translates to "energy work" and is a relatively recently coined
umbrella term used to describe many types of Chinese "body
technology" developed in pre-industrial China.
Chi refers to "Chi
to work or effort or time.
Chinese medicine Chi energy is considered life energy, the blockage or
deficiency of which causes disease.
the defining features of Chi Gung is its "body friendliness".
For example Chi Gung advocates the 70% rule,
i.e., any movement or exertion is only taken to 70% and no more.
In contrast many Yoga schools advocate
muscular exertion and stretching to a much greater level.
In some types of Yoga the ball and socket
joints in the hips and facet joints in the spine are stretched into positions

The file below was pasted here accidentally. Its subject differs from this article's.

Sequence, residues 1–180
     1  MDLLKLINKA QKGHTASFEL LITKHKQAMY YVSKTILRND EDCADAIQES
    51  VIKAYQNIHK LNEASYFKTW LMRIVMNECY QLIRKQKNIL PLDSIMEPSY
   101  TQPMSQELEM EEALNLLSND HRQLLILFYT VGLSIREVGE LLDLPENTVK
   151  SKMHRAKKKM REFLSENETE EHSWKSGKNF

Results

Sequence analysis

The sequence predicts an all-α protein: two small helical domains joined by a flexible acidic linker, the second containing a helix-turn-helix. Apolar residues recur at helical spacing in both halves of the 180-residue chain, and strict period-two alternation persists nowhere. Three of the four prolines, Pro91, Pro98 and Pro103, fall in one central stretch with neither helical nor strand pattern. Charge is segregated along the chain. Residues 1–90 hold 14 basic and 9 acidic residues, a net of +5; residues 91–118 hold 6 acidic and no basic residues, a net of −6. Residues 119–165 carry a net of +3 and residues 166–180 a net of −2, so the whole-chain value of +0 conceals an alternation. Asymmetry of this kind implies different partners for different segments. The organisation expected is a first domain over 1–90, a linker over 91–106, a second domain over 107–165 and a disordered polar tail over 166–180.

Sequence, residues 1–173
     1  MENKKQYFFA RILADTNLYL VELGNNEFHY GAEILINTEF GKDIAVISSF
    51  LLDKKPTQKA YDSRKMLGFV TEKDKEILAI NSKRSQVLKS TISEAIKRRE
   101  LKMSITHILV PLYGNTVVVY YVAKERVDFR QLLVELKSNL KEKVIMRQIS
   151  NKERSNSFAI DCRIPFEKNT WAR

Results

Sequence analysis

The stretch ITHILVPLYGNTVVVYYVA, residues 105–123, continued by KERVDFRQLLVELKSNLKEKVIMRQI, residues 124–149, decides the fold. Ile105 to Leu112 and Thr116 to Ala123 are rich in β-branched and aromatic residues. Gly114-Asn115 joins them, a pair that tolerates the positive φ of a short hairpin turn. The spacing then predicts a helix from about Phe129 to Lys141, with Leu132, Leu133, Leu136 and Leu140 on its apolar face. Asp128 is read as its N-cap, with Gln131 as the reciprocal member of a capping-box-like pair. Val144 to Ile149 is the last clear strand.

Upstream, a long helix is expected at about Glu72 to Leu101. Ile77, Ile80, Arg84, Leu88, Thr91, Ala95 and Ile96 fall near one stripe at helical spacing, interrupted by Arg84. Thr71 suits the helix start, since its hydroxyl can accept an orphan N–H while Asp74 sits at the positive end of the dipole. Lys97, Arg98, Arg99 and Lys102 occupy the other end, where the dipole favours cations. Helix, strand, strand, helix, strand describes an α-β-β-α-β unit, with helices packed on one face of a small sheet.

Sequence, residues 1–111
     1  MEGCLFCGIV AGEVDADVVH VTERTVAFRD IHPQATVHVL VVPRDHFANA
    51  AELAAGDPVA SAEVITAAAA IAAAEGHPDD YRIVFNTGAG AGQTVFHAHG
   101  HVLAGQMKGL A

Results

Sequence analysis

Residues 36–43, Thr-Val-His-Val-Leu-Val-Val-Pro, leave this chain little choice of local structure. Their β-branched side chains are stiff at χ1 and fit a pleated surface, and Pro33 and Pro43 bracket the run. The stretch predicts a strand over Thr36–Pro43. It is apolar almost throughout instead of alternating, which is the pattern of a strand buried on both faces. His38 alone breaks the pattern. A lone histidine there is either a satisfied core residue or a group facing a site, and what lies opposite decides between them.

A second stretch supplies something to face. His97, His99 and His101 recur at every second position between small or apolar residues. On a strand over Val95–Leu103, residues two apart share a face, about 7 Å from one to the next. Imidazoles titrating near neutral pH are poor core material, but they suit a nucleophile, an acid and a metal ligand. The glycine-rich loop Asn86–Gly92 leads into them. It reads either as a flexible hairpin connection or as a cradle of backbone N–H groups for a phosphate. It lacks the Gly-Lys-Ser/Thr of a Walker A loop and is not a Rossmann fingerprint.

that are only otherwise performed by elite gymnasts and contortionists.
These positions are risky and often produce
injury either quickly or slowly.
Indeed, although statistical evidence is
I have heard several anecdotes
of Yoga practitioners of several decades experience requiring surgical total hip replacement.
By keeping stretches and exertion to 70% of
maximum and concentrating on efficiency of movement and releasing of
unnecessary tension Chi Gung maintains a high degree of benefit for a low
degree of risk.
important to note that although Chi Gung advocates exertion to only 70%, it is
used as a primary practice by martial arts such as Tai Chi, Hsing-i, and Bagua, each
of which are at once considered internal or soft martial arts and effective
ones as determined by the success of their practitioners in mixed martial arts
The relaxing of
unnecessary muscle tension and clean movement from core of the body is
said to confer a speed that external or hard martial arts are not able to
So while Chi Gung is safe enough
to practiced by the very old or infirmed population, it is also of much use to
martial artists and athletes.